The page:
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제 02 강 : Shell. Shell. Newham & Rosenblatt, Learning the BASH shell,  O'Reilly. Definition UNIX interface to Keyboard user (like game) Command line interpreter(*) Job Control Language Different kinds sh Bourne shell, 1st, small, fast csh UCB, powerful, big

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  1. 제02강 : Shell Shell Newham & Rosenblatt, Learning the BASH shell,  O'Reilly

  2. Definition • UNIX interface to Keyboard user (like game) • Command line interpreter(*) • Job Control Language • Different kinds • sh Bourne shell, 1st, small, fast • csh UCB, powerful, big • bash Linux, born-again sh (open src) • tcsh • NOTE: sh is ordinary, user level a.out (like an editor or a game program.) (*) Takes one command at a time and executes it

  3. File expansion characters • ? Matches any single char: eg ch? • [list] matches any char in list: eg ch[123456789] • [l-u] matches any char between l and u: eg ch[3-7] • * matches any pattern including null: eg ch* • ~ home directory: eg ls ~/bin • {list} select arguments one by one in the list • Eg) ls –l /a/b/{c.h, d.h}  ls –l /a/b/c.h /a/b/d.h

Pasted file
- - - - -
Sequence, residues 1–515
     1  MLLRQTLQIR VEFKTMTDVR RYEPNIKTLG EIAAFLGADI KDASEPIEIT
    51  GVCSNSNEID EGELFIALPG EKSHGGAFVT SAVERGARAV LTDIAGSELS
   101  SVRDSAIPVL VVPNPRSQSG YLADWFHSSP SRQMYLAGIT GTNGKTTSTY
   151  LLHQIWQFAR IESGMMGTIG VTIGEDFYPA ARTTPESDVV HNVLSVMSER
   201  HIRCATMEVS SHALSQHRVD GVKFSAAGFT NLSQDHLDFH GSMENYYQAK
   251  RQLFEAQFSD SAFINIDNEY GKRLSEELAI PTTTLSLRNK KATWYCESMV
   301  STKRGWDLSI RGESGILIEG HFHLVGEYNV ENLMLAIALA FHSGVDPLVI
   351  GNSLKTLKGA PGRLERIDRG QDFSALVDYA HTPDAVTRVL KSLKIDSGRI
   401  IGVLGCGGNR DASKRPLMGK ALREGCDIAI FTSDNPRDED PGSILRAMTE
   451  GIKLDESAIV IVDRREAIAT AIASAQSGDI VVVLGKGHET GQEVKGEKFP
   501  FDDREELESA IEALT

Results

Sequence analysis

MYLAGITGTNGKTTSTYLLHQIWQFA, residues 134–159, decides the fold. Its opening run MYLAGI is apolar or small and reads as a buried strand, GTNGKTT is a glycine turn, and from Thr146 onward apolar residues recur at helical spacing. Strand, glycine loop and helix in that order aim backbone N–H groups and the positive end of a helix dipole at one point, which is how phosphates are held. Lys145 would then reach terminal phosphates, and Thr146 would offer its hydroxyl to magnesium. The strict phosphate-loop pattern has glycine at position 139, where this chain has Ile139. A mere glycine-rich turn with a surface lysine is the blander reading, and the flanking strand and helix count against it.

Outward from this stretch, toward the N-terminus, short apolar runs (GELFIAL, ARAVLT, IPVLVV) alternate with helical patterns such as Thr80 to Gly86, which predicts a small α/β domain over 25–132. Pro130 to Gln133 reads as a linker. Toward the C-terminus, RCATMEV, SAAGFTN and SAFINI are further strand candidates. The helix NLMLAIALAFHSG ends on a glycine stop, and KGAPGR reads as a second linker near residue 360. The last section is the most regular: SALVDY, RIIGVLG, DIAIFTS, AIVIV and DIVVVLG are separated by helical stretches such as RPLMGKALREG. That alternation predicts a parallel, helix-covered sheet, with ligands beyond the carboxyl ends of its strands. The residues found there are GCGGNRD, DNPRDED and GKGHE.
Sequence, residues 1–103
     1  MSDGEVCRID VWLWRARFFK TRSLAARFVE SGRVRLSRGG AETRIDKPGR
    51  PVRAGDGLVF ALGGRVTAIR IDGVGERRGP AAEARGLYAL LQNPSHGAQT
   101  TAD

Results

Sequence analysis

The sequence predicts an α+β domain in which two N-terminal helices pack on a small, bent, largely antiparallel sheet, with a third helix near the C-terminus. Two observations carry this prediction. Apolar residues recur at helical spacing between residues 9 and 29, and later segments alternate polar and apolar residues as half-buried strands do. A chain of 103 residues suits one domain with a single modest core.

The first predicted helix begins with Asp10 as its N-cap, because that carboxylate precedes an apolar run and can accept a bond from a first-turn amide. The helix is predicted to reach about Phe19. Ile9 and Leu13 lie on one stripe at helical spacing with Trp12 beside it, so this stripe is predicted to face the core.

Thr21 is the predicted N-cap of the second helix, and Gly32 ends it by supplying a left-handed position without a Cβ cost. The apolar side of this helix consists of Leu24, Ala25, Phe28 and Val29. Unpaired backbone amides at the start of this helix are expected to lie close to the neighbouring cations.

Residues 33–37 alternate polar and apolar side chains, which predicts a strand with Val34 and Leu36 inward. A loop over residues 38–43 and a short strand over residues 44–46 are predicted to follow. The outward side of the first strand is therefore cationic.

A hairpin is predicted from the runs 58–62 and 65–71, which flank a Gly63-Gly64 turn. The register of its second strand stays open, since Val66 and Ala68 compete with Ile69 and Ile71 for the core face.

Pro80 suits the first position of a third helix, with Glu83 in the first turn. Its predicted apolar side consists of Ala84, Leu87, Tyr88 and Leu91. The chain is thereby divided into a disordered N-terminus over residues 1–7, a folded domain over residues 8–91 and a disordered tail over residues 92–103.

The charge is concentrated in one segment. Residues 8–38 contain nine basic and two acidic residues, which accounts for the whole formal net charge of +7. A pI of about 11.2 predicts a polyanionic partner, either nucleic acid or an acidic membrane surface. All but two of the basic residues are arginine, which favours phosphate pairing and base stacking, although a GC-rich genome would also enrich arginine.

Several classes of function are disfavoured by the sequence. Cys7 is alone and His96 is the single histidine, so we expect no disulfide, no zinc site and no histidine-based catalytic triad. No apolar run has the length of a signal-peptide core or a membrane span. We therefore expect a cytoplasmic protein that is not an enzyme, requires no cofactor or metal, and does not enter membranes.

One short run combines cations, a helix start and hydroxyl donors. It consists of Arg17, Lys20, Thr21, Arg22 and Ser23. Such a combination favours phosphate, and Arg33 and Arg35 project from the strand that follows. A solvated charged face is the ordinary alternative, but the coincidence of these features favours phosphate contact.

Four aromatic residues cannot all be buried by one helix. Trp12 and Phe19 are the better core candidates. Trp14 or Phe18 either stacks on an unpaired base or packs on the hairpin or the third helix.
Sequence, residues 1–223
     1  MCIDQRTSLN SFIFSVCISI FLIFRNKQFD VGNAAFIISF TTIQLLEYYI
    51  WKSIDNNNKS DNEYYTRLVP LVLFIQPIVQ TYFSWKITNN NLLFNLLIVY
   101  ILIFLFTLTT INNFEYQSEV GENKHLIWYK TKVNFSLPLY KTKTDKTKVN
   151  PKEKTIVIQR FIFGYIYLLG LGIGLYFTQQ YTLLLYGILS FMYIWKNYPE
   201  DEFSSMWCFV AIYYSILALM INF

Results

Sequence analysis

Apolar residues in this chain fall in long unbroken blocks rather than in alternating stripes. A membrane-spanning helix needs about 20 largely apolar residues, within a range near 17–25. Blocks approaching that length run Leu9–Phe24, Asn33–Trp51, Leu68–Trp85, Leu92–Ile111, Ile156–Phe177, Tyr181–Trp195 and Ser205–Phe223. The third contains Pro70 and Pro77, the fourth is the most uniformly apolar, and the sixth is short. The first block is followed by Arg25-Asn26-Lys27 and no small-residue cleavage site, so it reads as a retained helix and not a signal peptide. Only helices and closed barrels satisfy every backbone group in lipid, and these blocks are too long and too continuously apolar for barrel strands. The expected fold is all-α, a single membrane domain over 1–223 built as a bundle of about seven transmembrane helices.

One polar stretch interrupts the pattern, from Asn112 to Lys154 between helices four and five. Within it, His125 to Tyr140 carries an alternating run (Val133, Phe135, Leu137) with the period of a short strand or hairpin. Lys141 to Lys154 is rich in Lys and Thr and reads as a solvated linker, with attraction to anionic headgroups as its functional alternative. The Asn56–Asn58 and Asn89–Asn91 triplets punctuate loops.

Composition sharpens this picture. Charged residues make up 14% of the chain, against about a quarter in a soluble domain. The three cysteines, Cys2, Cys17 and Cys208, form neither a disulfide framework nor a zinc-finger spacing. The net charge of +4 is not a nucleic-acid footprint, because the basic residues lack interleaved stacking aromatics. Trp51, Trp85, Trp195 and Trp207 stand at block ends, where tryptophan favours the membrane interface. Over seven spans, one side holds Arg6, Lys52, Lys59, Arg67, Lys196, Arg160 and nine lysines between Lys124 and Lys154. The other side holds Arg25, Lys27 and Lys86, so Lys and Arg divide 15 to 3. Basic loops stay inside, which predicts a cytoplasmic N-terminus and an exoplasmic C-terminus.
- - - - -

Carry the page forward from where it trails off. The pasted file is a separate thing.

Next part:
4. Using the shell • Sh accept and execute UNIX commands • commands are usually a.out format (compiled a.out  renamed by mv  new name such as “ls”) and are placed under /bin or /usr/bin (Ex: To have a new command, I can rename a.out, put it under /bin Try the same with your binary program ) • Type “bash” & enter. • Once the shell is running: 1. A line is input from keyboard (standard input file) 2. sh takes 1st word (out of this line) 3. Searches files under /bin & /usr/bin 4. If a filename matches this word, load/run as a child 5. When child is done, shell wake up. 6. Shell prints next prompt ls /usr/lib ls

  5. Process Hierarchy % Shell process sh

  6. Process Hierarchy % % mail Shell process sh creates mail wait child sh sh mail